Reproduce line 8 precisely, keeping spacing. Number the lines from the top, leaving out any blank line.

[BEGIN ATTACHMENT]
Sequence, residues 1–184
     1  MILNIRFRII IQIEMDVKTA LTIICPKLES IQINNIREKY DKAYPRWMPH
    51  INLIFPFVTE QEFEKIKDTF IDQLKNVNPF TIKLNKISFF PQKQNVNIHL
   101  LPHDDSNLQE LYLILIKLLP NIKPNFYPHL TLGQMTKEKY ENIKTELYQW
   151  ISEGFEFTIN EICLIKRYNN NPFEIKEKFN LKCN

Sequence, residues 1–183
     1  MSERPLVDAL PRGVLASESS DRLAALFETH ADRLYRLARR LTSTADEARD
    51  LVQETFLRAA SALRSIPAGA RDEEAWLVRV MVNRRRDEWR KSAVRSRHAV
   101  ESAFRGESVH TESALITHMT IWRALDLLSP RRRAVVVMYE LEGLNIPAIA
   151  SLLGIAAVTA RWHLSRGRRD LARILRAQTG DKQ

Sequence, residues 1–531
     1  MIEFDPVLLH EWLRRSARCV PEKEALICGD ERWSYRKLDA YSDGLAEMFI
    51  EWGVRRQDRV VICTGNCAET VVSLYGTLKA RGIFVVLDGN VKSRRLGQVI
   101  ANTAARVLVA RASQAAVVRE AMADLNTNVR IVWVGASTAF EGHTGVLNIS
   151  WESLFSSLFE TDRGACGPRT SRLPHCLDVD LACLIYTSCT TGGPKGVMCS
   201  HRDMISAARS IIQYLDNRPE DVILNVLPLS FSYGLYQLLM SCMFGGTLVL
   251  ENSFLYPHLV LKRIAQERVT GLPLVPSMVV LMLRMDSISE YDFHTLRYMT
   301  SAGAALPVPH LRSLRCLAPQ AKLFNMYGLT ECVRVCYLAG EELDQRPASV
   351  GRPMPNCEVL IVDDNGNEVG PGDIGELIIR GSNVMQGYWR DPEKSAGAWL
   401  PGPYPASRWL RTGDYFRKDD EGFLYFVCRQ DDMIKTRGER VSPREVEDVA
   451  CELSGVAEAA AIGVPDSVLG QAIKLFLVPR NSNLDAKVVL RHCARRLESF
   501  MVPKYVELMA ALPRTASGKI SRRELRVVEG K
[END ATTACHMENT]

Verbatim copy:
    51  LVQETFLRAA SALRSIPAGA RDEEAWLVRV MVNRRRDEWR KSAVRSRHAV